In optional step 425, a damping function may be applied after determining that a tracked interface is down. This may be desirable to avoid bringing down a data path and causing a switchover when a tracked interface is down for only a short period of time.
A basis for some such damping functions is shown in
Therefore, in this example, a “metric” or weighting function is assigned to indicate the relative importance of links 737, 742 and 747. Here, link 737 is assigned a metric of 50, link 741 is assigned a metric of 100 and link 747 is assigned a metric of 10. These metrics may be regarded as being assigned to corresponding ports 736, 741 and 746 of gateway 710.
The interfaces 968 are typically provided as interface cards (sometimes referred to as “linecards”). Generally, interfaces 968 control the sending and receiving of data packets over the network and sometimes support other peripherals used with the network device 960. Among the interfaces that may be provided are FC interfaces, Ethernet interfaces, frame relay interfaces, cable interfaces, DSL interfaces, token ring interfaces, and the like. In addition, various very high-speed interfaces may be provided, such as fast Ethernet interfaces, Gigabit Ethernet interfaces, ATM interfaces, HSSI interfaces, POS interfaces, FDDI interfaces, ASI interfaces, DHEI interfaces and the like.
When acting under the control of appropriate software or firmware, in some implementations of the invention CPU 962 may be responsible for implementing specific functions associated with the functions of a desired network device. According to some embodiments, CPU 962 accomplishes all these functions under the control of software including an operating system (e.g., Cisco IOS, a proprietary operating system developed by Cisco Systems, Inc., etc.) and any appropriate applications software.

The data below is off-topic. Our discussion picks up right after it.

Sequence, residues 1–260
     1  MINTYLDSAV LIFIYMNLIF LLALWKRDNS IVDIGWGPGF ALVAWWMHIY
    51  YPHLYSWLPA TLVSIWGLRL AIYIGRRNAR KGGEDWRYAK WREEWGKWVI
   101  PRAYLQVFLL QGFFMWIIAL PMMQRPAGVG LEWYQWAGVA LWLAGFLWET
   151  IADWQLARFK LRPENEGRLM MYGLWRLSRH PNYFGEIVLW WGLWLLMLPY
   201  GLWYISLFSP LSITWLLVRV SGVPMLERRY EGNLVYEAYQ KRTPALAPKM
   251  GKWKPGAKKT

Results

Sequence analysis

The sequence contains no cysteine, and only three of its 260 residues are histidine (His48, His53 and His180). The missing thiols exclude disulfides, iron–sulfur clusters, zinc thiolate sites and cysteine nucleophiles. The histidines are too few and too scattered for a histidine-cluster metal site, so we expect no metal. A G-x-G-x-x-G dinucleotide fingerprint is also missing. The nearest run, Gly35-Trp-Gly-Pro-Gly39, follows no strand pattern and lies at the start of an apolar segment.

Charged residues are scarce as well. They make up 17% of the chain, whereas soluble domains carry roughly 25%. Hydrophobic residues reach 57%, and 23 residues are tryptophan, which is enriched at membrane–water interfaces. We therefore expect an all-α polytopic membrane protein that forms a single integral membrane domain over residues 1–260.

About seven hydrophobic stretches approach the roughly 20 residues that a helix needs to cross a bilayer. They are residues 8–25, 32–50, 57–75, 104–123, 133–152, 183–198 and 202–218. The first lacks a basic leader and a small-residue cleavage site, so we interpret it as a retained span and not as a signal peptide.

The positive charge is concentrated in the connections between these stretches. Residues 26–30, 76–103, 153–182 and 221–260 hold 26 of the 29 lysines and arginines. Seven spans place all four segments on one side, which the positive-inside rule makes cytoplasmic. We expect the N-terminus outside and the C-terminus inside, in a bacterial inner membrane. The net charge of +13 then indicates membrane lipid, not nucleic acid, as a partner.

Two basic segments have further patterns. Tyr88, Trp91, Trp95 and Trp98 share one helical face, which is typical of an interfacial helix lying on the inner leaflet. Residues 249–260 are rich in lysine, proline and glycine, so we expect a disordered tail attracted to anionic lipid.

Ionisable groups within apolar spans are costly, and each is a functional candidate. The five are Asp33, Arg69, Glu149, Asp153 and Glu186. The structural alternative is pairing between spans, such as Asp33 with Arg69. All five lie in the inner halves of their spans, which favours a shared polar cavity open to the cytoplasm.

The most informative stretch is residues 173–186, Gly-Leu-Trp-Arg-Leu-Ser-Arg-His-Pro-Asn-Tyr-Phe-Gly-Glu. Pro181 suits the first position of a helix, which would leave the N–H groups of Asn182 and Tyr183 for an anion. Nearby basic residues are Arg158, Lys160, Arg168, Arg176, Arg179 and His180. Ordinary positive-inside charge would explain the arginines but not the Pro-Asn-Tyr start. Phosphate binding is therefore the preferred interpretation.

CPU 962 may include one or more processors 963 such as a processor from the Motorola family of microprocessors or the MIPS family of microprocessors. In an alternative embodiment, processor 963 is specially designed hardware for controlling the operations of network device 960. In a specific embodiment, a memory 961 (such as non-volatile RAM and/or ROM) also forms part of CPU 962. However, there are many different ways in which memory could be coupled to the system. Memory block 961 may be used for a variety of purposes such as, for example, caching and/or storing data, programming instructions, etc.
Regardless of network device's configuration, it may employ one or more memories or memory modules (such as, for example, memory block 965) configured to store data, program instructions for the general-purpose network operations and/or other information relating to the functionality of the techniques described herein. The program instructions may control the operation of an operating system and/or one or more applications, for example.